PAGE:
I mention all this today, having watched the defeat against Chelsea, because to me, sitting in the stand, the activities of the ref were nonsense. From my position I clearly saw five occasions in the first half when Mikel committed serious fouls for which nothing was done other than a free kick being given. By the third or fourth he should have had his second yellow card and been sent off. In the second half I saw an Arsenal goal ruled out because of the keeper being impeded – which I couldn’t see.
Throughout the game I got the feeling something was seriously wrong – that all the little decisions – which should in my view have led for example to Mikel being sent off – were going Chelsea’s way.
Now if I take the perspective that all football is corrupt – that the arrests of five people in 2007 on suspicion of corruption in football were the tip of the iceberg, that the arrests in Germany on November 19 this year on suspicion of corruption in football, and that the recent arrest of Peter Storrie and so on and on and on, all mean that football is corrupt from top to bottom – then I just shrug at Arsenal 0 Chelsea 3 and say, “that was a fixed match”.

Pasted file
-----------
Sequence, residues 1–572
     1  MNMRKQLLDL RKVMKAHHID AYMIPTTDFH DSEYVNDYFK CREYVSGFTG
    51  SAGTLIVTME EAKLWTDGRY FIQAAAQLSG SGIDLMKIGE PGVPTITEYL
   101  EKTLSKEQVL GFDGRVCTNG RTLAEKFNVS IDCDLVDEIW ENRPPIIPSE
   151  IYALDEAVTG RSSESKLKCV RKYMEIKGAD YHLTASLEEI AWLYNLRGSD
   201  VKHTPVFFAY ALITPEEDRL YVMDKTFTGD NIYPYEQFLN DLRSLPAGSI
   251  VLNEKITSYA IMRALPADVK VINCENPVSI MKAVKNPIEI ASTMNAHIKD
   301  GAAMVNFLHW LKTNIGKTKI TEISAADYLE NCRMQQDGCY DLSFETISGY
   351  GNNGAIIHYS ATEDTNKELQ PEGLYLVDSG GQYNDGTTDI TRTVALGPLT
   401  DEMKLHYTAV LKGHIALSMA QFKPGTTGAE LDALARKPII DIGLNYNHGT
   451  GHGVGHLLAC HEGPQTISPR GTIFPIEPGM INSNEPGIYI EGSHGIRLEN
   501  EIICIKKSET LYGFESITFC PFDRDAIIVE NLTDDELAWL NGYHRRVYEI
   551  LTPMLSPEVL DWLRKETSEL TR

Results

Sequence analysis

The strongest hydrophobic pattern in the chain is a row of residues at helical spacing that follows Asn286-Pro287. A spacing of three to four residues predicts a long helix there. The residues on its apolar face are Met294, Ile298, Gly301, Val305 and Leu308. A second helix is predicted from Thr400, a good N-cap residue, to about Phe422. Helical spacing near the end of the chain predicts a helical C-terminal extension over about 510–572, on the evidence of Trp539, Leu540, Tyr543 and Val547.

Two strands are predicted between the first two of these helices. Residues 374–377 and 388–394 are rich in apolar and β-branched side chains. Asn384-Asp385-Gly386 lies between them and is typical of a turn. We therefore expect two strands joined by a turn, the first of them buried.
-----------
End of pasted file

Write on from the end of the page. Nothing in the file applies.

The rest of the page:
If I am very English and believe we don’t do that kind of thing here, I think, no it is just that I am sad that Arsenal lost today.
And that’s where I have got to, and I come down in favour of the former, because everywhere, every day, there is evidence of corruption in football, and I think on Sunday 29th November I saw a match that was corrupt. A match in which with subtle twists and turns the ref and officials arranged to ensure that a Chelsea player who should have been cautioned early on, and then sent off, was not, and that an Arsenal goal which could have changed the flavour of the game was disallowed.
It all depends on your starting point. If you ignore the fact that there is news of corruption in football everywhere, from FIFA through to the Conference, from Chinese betting rings to the arrest of high profile people in England involved in the game, then you are likely to say, “oh he’s just looking for an excuse”.
But if you start from the facts, and realise that five minutes research reveals the corruption in football is Europe wide, you see the game in a different light.
I am sure very many people will disagree with me. Perhaps I am the only one who thinks like this. But I think English Premier League football is bent.
(c) Tony Attwood 2009.